This story from the Post-Gazette archives was first published on May 11, 1963.
BALTIMORE, May 10 (AP) -- Gene (Big Daddy) Lipscomb, a fun loving goliath of professional gridirons for a decade, died today of unknown causes after a night on the town in his new yellow Cadillac convertible.
"There is definite suspicion that narcotics are involved in the death," Dr. Rudiger-Breintecker, assistant medical examiner, said after a preliminary autopsy.
The examiner said there were at least three needle marks above veins on both elbows of the 31-year-old Pittsburgh Steeler tackle. A homemade syringe was found near his unconscious form in a west Baltimore apartment and will be chemically tested.
Dr. Breintecker said the results would not be known before next week and until the autopsy is completed the cause of death remains undetermined.
A night time traveling companion in whose apartment Lipscomb was found on the kitchen floor told police "there had been drinking going on" and they had been with a couple of girls in the early morning hours.
The companion, Timothy Black, 25, was being held by police for investigation in connection with the death. He reportedly had submitted to a lie detector test.
Lipscomb -- 6 feet 6 and 288 pounds -- played defensive tackle for the Los Angeles Rams, Baltimore Colts and Pittsburgh Steelers in the National Football League.
Lipscomb was one of the few players to reach the top grade in professional football without going to college. He went into the Marines out Miller High School in his native Detroit.
The Rams picked him off a Marine team at Camp Pendleton, Calif., in 1953. After two years as a reserve, they let him go and the Colts took him for $100.
Big Daddy was a regular on a defensive crew variously called the "Savage Six" and "Six Tons of Fun" who helped carry the Colts to successive championships in 1958-59. Lipscomb was voted All-Pro both times.
He liked to describe his play with an old football story: "I just grab me an armful of men, pick 'em over until I find the one with the ball, then I throw him down."
Then typical of his showmanship, he'd solicitously help the dazed ball carrier to his feet, brush him off and head him toward his huddle. The crowds loved it.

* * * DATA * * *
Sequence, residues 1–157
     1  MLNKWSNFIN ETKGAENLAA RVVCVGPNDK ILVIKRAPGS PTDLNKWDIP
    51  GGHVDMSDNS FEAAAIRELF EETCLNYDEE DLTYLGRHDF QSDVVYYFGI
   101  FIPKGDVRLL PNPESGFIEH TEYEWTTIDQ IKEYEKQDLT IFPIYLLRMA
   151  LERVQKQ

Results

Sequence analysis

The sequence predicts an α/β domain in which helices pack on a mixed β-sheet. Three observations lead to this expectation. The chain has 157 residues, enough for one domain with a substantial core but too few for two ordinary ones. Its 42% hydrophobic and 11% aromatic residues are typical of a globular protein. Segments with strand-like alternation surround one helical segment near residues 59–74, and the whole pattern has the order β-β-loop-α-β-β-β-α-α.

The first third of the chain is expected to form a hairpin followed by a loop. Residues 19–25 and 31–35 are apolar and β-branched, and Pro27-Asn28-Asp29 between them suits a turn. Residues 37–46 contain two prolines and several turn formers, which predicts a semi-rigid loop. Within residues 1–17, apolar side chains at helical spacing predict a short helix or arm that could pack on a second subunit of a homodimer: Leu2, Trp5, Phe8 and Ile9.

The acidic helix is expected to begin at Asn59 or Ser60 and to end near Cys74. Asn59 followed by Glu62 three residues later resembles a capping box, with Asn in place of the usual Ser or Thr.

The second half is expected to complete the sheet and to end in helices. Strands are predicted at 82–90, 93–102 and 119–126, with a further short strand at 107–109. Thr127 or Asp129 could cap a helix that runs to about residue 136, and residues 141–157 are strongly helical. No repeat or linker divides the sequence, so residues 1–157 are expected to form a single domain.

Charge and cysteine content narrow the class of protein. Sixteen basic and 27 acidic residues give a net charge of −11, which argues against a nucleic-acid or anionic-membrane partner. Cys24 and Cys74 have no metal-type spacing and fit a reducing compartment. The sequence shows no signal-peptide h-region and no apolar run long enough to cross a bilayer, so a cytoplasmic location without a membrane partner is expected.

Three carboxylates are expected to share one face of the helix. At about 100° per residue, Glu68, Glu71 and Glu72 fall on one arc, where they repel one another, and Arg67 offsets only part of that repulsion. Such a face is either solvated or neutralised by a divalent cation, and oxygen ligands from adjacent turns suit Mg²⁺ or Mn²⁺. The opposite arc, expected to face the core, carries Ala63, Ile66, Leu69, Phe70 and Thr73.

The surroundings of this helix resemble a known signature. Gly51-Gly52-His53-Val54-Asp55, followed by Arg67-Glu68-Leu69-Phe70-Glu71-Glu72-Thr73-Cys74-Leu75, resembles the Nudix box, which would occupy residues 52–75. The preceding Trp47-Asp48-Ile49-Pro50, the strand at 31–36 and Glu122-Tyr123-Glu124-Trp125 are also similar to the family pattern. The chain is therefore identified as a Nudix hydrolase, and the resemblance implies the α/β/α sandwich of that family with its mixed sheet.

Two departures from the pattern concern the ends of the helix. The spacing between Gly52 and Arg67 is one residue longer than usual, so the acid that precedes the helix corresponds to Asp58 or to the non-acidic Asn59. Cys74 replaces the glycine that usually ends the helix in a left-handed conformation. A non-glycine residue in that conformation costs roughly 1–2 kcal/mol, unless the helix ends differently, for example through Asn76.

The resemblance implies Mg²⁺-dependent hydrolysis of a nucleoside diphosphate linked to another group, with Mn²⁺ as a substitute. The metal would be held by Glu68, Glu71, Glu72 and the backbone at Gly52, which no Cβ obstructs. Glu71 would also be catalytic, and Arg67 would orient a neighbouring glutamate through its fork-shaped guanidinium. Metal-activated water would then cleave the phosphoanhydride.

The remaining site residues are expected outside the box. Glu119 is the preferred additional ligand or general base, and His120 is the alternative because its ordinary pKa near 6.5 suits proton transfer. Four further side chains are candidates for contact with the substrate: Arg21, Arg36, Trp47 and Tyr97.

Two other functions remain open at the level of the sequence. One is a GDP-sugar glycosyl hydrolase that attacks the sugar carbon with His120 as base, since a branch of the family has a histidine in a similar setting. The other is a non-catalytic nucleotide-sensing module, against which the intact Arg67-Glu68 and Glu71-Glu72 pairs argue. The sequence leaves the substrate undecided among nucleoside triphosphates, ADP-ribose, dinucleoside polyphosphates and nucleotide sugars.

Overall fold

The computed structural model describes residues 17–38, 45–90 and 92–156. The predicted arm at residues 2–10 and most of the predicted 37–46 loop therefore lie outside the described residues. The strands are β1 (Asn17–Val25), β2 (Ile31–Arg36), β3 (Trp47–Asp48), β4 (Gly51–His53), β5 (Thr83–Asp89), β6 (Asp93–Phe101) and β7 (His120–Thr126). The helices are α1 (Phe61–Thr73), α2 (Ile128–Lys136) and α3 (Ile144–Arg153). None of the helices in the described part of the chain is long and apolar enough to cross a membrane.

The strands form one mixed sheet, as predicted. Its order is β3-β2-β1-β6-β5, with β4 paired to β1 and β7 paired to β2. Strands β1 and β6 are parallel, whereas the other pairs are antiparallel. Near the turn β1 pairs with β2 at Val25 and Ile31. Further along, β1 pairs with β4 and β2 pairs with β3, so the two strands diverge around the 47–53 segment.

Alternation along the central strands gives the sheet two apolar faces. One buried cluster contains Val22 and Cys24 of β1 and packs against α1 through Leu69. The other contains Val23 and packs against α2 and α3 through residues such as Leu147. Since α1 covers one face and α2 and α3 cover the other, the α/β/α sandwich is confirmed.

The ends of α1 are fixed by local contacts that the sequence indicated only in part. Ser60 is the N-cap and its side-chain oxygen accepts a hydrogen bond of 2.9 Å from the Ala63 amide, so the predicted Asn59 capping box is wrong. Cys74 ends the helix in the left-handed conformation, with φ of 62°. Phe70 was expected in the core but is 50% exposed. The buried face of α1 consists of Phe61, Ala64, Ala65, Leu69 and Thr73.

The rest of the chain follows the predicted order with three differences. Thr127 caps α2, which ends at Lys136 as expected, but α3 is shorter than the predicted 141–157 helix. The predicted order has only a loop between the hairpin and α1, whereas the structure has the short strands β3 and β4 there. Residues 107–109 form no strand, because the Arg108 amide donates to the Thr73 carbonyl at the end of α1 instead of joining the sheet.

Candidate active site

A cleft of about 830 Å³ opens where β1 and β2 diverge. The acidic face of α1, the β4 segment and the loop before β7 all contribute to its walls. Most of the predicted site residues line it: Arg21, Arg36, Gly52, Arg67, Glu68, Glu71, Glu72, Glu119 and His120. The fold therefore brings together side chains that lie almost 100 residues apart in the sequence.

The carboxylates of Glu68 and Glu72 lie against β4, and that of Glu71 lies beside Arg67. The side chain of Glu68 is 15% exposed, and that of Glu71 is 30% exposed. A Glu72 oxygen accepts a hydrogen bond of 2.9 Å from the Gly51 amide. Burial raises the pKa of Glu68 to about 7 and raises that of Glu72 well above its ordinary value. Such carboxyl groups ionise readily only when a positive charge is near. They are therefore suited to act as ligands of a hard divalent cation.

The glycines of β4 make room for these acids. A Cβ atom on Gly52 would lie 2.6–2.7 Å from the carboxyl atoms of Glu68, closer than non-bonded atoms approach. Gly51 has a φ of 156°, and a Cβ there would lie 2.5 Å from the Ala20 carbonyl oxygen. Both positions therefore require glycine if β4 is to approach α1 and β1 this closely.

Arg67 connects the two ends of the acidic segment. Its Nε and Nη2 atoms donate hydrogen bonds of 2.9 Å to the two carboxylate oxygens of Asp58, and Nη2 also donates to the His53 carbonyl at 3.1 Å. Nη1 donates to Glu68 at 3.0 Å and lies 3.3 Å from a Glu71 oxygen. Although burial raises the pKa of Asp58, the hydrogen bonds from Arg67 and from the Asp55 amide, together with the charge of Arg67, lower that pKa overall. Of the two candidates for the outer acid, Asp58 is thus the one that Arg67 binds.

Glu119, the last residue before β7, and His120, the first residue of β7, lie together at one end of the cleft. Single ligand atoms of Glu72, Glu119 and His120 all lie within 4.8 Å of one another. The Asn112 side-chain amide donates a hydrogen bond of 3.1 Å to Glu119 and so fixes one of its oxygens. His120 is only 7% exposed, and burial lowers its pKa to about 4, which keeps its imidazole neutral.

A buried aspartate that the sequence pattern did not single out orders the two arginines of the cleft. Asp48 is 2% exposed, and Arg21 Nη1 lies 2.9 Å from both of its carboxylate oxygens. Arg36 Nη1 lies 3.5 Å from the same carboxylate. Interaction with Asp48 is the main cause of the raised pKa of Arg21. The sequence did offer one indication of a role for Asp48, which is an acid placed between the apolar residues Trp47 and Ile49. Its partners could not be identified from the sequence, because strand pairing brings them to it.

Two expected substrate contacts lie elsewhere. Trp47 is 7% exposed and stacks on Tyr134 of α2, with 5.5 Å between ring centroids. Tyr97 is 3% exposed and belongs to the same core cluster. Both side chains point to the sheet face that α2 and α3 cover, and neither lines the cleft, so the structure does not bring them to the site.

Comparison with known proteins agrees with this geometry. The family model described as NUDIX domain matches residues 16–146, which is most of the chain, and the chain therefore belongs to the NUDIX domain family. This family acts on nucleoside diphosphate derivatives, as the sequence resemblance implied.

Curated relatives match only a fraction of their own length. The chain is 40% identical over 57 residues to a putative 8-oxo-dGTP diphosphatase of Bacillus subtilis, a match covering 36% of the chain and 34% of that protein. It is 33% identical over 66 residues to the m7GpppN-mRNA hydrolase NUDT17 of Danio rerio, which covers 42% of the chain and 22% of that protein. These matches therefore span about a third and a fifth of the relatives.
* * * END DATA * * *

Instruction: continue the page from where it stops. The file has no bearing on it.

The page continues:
They couldn't help noticing him. In addition to his size, he was best at sweeping across the line and nailing a ball carrier on the opposite side and out in the open for all to see. Then he'd stay prone, while the fans groaned "is he hurt?" before slowly climbing to his feet to wild applause.
"You have come a long way and when you start rushing the passer more, you will become one of the greatest tackles the game has ever known," Coach Weeb Ewbank told Lipscomb before the Colts beat the New York Giants for the 1958 championship.
Lipscomb took his acting ability on a professional wrestling tour in California in 1959 with Don Joyce, a former Colt defensive end.
The Colts unexpectedly traded Lipscomb to the Steelers on the day of practice for the 1961 season.
Lipscomb had his personal problems off the field. He was twice divorced, the last time in 1960. He had two children by the second wife, Cecilia.
For the past four years, he had lived in Baltimore with Sherman Plunkett, a former Colt now with the San Diego Chargers of the American Football League. Plunkett, his wife, and Jim Parker, all-pro offensive lineman for the Colts, confirmed identification of Lipscomb's body at the hospital. Black told police of the events leading to Lipscomb's death.
Black said they went out riding in Lipscomb's car about midnight, took two girls drinking and went to Black's apartment. After a couple of hours, they took the girls to their homes. Black went to breakfast in a lunch room and Lipscomb went to the apartment.
When Black returned, he said Lipscomb was in a chair slumped over the kitchen table. He tried to slap him awake and Lipscomb fell to the floor. Black called a municipal ambulance.
Lipscomb was pronounced dead at Lutheran Hospital shortly before 8 a.m.